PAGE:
Principles to Support Family Child Care in Federal Legislation

All Our Kin

July 2021

Before the pandemic, family child care or home-based child care was in sharp decline: in just three years between 2014–2017, 22% of regulated family child care programs closed or left the regulated child care system. Now, nearly one half of the child-care supply in this country – some 4.5 million slots – could close permanently due to COVID-19.  Government, businesses and communities have a shared role in providing child care access to families.

All Our Kin released six principles that should be included in any federal child care legislation to sustain family child care providers, rebuild the workforce, and position young children to succeed in the long term.

Paid Family and Medical Leave

Only 21% of workers in the U.S. have access to paid leave through their employer, and individuals of colors are even less likely to have access, which exacerbates racial disparities and leads to devastating health and financial outcomes.

Support for paid family and medical leave is growing and has increased in urgency, putting pressure on policymakers and business leaders to prioritize this as a benefit. However, a familiar conflict has carried through into the COVID-19 era: the question of how to fund programs, and who should carry the responsibility for these policies and programs.


70 Innovative Companies that are Leading on Leave

National Partnership for Women and Families

July 2021

National Partnership for Women & Families published a report that recognizes business that offer a range of paid family and medical leave programs.

This report was released as an update to their “Leading on Leave: Companies with New or Expanded Paid Leave Policies” report originally published in August of 2020. The initial report detailed the progression of paid leave policies in almost 200 diverse businesses from 2015 to 2020. This most recent addendeum to the report features Etsy, American Express, and Mozilla among others as having the most gender-equal & family inclusive leave policies. The report also details employers leading the way in full family care policies, comprehensive leave for parents who give birth, and part-time employment equity.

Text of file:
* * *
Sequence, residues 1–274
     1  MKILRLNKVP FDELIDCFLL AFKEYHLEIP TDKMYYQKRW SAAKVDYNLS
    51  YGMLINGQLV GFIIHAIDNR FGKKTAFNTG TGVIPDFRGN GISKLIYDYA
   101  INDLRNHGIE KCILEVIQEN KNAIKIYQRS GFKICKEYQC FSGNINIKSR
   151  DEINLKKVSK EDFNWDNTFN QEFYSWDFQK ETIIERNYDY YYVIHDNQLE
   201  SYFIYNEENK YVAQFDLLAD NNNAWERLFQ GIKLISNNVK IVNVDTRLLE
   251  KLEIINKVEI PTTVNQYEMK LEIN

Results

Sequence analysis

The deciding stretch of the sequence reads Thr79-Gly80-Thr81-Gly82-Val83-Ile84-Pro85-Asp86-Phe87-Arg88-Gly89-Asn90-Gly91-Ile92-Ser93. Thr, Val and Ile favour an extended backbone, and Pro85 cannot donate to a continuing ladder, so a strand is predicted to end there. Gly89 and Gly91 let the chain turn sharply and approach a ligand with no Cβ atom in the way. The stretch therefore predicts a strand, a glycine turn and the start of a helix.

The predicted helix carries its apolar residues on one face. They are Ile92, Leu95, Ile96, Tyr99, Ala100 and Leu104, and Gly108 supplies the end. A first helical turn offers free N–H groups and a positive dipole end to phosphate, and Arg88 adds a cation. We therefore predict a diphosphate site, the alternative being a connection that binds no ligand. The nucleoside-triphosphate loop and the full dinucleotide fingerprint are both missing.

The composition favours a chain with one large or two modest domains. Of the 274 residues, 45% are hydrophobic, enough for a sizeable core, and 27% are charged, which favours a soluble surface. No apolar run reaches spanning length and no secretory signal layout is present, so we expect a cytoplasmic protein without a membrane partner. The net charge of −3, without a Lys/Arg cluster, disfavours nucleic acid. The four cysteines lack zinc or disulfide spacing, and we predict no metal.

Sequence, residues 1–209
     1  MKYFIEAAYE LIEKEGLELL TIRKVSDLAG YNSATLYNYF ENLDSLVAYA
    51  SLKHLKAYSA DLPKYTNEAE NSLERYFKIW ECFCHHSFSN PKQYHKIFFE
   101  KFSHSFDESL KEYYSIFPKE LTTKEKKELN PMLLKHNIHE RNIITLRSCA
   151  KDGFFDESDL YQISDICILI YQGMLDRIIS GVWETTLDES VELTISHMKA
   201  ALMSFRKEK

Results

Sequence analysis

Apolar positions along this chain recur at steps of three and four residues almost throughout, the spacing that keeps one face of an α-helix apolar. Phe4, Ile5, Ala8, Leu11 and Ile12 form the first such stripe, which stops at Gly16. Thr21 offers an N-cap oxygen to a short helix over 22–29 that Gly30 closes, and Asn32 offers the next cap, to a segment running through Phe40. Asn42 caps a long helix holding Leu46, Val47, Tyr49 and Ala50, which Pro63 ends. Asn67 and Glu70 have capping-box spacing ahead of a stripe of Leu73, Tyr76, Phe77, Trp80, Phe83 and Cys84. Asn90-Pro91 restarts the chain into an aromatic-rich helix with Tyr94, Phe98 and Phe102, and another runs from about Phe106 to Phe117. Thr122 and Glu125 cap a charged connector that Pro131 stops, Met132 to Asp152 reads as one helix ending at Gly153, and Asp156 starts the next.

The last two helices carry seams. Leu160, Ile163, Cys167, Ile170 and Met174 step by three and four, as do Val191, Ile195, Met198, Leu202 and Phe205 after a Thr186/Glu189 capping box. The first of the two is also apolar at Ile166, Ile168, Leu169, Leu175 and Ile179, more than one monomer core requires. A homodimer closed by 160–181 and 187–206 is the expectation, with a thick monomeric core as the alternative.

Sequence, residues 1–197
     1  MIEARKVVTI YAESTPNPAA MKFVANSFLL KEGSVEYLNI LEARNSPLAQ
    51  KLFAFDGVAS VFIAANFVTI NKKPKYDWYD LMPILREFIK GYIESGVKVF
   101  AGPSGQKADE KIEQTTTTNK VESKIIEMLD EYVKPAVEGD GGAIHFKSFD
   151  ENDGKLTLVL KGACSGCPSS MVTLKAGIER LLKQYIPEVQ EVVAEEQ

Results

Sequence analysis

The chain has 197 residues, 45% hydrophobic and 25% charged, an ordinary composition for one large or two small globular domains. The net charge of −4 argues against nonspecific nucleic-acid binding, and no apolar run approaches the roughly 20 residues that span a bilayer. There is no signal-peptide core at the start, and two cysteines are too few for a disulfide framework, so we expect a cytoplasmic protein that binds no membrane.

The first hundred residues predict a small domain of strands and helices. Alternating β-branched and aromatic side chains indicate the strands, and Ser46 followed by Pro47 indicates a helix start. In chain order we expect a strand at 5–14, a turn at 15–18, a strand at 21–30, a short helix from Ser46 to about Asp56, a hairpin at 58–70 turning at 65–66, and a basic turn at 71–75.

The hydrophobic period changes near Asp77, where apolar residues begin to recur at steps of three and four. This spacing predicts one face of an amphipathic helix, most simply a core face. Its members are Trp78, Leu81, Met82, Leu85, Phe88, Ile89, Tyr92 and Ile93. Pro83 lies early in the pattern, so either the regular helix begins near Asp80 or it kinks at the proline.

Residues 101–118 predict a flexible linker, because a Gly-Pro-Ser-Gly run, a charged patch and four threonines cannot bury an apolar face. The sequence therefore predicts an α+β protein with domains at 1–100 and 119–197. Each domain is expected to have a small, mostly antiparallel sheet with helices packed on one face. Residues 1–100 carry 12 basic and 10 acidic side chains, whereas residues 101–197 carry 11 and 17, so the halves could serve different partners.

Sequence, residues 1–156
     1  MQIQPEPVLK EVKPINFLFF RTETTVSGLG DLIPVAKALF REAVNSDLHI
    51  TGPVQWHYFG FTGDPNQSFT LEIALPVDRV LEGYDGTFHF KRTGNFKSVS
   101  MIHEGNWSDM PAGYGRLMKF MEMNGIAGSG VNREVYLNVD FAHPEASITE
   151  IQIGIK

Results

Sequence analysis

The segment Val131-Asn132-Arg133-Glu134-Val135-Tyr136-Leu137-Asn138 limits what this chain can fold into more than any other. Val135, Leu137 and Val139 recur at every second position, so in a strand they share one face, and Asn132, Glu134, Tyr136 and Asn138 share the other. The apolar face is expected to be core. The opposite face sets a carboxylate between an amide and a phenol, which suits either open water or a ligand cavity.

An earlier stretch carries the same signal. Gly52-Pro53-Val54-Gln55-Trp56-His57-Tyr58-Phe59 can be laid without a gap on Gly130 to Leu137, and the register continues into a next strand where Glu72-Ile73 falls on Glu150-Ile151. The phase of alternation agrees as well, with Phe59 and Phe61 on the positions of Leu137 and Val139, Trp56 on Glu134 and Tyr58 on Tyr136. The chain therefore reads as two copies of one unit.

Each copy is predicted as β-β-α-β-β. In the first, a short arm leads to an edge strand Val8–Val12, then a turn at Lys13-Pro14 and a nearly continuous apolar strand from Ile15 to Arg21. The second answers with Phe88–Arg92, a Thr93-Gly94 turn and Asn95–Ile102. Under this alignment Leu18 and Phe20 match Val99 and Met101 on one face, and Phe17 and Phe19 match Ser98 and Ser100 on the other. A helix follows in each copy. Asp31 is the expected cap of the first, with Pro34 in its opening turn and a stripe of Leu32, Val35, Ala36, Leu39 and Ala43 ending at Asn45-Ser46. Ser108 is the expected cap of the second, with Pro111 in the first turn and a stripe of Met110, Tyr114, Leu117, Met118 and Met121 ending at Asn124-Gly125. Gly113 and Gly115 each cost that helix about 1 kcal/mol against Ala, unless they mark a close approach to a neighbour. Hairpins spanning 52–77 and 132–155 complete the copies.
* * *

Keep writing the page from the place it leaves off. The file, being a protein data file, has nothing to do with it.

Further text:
Implementation Lessons From the Field

Family Values @ Work

December 2020

Family Values @ Work developed this tool to compile best practices to provide employers and trusted messengers with the outreach and education needed for implementation of paid leave programs.

Health & Well-Being

Poverty is associated with  lifelong poor health, and financial instability, such as a lack of emergency savings and a dependence on gig work, affects half of Americans and is associated with poor health outcomes.


New England Journal of Medicine: Medical–Financial Partnerships — Beyond Traditional Boundaries